# An Interpretable Prediction Model for House Prices

**Background**

Whether it’s a newlywed couple looking to start a family or an investor looking to diversify their portfolio as a landlord, purchasing a home is a major life event. Often, buyers need to balance items on their house ‘wish-list’ with a set budget. Similarly, housing developers want to know which features will make a property stand out, enticing buyers to choose their offeringst over their competitors’. Our team explored these topics and more using the Ames Iowa housing dataset from Kaggle.

Though this Kaggle dataset project is a competition for best housing price predictive score, our team wanted to focus on learning the application of fundamental statistical machine learning models. With that emphasis, the team was comfortable with using models whose mechanisms were easier to interpret, such as a linear regression, over more complex models. such as boosting.

We applied basic city demographic analysis and employed some creativity of our own to create a dataset used to feed into our machine learning models. They are described below along with the results and findings of the linear regression model. That is followed by a projection to explore potential improvements using more complex models.

**Feature Processing & Engineering**

The Kaggle-provided dataset is constructed from 79 features, of which 51 are categorical and 28 are continuous. Reviewing each feature, we identified problems such as sparse data (high percentage of zeros or missing values), numerous sub-categories, and unbalanced categories (in terms of number of values in sub-categories). A few examples of our solutions to these problems are described below and in the appendix.

One critical problem we encountered several times was sparse data. For example, the dataset documented square footage of three different types of porches. This is problematic as over 90% of houses do not have any form of porch. We collapsed the information from three continuous features into one binary feature indicating whether or not the house has an enclosed porch. This not only reduced dimensionality but also preserved information about a relatively uncommon feature

Unbalanced categorical features is a common issue within this dataset. We found that features with multiple sub-categories often included sub-categories with less than 5% of all observations. Our general approach is to use 5% as threshold to group these sub-categories. The nature of these sub-categories were evaluated individually and combined in a logical manner. For example, the Building Type originally split townhomes into inside and end units. These were combined as a new ‘Townhouse’ sub-category. Similarly, a two family conversion home was considered to be equivalent to a duplex, and both types were classified as ‘Duplex’. Before, multiple sub-categories within the feature were less than 5%. After feature engineering, all sub-categories were greater than 5%.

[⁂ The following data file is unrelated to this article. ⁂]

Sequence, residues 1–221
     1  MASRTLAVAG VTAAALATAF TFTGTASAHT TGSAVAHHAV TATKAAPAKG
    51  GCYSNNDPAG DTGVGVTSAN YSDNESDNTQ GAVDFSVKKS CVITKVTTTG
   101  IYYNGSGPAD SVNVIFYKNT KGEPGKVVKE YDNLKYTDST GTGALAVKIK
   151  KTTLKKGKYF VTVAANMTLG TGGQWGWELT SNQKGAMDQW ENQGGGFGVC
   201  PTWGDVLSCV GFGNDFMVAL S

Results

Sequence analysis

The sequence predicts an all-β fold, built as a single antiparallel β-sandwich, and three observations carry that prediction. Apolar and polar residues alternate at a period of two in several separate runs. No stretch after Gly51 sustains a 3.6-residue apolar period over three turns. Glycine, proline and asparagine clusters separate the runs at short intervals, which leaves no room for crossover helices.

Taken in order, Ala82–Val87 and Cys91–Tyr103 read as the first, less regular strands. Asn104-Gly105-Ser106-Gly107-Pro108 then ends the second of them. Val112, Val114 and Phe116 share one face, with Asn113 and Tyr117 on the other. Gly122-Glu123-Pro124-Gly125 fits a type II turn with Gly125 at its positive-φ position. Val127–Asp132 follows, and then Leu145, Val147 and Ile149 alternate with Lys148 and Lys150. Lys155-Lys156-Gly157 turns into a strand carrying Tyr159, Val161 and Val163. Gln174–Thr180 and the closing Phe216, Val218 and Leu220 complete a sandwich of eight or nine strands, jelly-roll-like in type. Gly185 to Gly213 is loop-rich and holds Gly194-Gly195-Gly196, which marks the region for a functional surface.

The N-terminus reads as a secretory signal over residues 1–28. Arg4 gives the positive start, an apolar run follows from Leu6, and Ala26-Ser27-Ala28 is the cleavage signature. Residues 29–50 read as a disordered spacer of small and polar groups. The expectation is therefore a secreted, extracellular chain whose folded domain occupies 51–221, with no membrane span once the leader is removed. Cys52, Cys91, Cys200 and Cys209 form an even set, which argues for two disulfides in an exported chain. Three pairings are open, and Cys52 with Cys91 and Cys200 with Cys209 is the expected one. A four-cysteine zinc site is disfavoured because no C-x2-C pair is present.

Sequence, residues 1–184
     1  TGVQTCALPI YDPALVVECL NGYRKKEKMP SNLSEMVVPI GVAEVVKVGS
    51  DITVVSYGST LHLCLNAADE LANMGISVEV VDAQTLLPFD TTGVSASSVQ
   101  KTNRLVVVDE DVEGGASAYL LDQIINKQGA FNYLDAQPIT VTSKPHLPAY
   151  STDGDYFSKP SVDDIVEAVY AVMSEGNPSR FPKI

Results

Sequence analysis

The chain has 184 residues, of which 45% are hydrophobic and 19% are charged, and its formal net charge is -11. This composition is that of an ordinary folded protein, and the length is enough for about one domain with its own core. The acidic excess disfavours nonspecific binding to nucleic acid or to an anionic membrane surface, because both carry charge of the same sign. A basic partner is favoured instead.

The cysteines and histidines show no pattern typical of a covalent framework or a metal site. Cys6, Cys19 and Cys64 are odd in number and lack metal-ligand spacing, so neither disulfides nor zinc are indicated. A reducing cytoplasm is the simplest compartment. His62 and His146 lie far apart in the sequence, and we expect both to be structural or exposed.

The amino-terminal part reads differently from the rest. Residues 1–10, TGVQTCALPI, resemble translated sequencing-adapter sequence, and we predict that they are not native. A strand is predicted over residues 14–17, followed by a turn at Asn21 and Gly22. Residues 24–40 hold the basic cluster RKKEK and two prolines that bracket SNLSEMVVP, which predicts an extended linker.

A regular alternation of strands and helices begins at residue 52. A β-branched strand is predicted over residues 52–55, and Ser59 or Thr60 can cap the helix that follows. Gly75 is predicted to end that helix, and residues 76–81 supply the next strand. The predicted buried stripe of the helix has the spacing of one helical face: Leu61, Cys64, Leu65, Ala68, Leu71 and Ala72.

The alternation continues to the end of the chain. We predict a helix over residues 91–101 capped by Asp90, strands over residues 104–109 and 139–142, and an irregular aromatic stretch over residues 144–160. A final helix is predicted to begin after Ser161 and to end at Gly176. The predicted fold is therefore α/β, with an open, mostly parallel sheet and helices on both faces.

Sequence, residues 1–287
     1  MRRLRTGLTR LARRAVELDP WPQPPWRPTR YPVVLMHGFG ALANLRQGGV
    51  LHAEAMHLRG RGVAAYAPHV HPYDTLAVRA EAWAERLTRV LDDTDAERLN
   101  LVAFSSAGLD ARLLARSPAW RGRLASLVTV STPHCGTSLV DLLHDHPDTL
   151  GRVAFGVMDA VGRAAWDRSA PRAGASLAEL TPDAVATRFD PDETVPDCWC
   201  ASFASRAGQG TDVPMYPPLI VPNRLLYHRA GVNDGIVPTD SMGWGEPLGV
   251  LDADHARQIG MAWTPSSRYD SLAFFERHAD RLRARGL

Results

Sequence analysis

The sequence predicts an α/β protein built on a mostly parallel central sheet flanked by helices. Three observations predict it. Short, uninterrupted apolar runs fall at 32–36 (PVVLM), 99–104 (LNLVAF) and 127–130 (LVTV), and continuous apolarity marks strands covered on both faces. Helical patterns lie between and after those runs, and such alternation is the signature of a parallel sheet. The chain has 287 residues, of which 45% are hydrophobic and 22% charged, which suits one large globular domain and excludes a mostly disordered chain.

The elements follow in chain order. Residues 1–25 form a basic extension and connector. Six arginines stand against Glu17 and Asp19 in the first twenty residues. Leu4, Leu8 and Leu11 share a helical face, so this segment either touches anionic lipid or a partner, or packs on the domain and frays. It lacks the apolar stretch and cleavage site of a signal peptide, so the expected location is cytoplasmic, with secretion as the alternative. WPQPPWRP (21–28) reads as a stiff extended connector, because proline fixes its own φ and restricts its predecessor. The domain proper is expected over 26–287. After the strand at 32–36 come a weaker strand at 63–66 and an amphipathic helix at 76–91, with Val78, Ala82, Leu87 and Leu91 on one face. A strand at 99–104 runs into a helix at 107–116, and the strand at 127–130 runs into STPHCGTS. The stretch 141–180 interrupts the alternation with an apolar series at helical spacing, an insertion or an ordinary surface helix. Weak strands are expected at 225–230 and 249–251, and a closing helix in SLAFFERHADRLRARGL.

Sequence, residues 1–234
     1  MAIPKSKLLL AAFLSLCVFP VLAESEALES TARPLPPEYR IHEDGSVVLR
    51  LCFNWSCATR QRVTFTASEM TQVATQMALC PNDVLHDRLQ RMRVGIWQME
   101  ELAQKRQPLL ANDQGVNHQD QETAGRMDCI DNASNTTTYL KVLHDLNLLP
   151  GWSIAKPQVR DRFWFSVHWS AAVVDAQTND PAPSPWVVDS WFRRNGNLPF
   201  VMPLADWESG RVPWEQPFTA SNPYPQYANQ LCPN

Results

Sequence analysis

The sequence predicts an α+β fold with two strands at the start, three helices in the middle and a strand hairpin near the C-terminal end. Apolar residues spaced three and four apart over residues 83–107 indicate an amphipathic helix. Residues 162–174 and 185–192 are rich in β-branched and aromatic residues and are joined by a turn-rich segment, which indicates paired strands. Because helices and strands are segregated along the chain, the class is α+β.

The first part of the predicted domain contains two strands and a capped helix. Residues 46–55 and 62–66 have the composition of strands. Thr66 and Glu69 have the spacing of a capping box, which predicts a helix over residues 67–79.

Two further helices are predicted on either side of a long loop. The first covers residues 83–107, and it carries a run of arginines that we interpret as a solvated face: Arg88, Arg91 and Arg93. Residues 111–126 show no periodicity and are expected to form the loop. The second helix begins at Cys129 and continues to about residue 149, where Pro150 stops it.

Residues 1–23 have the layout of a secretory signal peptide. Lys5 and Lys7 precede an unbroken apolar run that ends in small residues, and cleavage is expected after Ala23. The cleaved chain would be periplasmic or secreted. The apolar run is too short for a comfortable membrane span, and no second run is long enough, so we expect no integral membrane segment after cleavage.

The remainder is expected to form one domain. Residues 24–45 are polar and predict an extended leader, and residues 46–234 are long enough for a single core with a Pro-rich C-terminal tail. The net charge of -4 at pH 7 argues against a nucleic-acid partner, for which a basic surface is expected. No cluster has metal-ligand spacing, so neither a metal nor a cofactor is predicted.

We also engineered a new feature based on univariate analysis. How many houses were sold in a given month? Combining two existing features (month sold and year sold) and treating this as a date-time object, a clear seasonal pattern of number of houses sold is observed. Every summer, specifically May/June/July, the number of houses sold reach peak. This agrees with our understanding of summer being the peak season for the real estate market. Consequently, year sold and month sold were collapsed into one binary feature, peak and off-peak season.

Neighborhood was a challenging feature to engineer as it contains 25 classes. We developed a unique grouping according to their geographical location. Cquaw Creek naturally bisects Ames, with Iowa state University located in the southwest corner and residential high density buildings south east of the river. Commercial areas and floating village (zoned, undeveloped) are west of Interstate 69.This suggests that a commercial high density area to the west of Grand Avenue as compared to more residential high density to the east of Grand Avenue. We used natural divisions and the zoning feature map to reduce 25 classes (neighborhoods) into three (regions), seen below.

**Fitting a Multiple Linear Regression (Model I)**

Now that we have features that are in tip-top shape, we can proceed to modeling.

A multiple linear regression (MLR) is a good starting model because it is easily interpretable when compared to more complex models. However, there are some important assumptions that must be verified to determine if MLR is an appropriate choice. This includes checking for constant variance and normally distributed residuals. We verify and discuss these findings in the appendix. We tested the adequacy of r an MLR model by checking some model assumptions.

The initial residual plot revealed problems for our MLR approach, including heteroscedasticity and outliers. In the left plot, the red line fit appears to follow the zero horizontal line very closely. This means that the linearity assumption may be satisfied. However, there appear to be some outlying points towards the upper right hand corner. This may indicate non-constant variance which can potentially be addressed by log-transforming the response. The residuals versus fitted values plot with log-transformed response is presented to the right of the first plot. Note that the point cloud is now randomly scattered around the horizontal zero line.

We can now claim that the constant variance assumption is satisfied. Note that in both plots, there are two outlying observations on the bottom right. Ultimately, these two observations were removed from our model.

We performed 5-fold cross-validation on the MLR model (Model I) to estimate the train and test mean squared errors (MSEs). The results are presented in the table below. For Model I, the train and test MSEs are almost the same. This means that the model may not suffer from high variance. However, as the train MSE is not zero, the model may be biased. Ideally, the best model would predict house prices very well, and the train MSE will be zero or very close to zero. Note that the house prices were log-transformed so that the MSEs appear to be very small. The table also presents the results from Model II to be described below.

**Improving the MLR model **

We considered two approaches to further improve our model: subset selection (by univariate selection) and regularization.

**Univariate Feature Selection (Model II)**

In subset selection, we can build a model by adding features and selecting the best model. Or, we can start with Model I and exclude a subset of features until we arrive at a best model. However, with 69 dummified features subset selection will be computationally expensive because we would have to consider 2^69 models! A compromise procedure is to select the features in a univariate fashion. This can be accomplished by the KBest procedure in python using an F-test.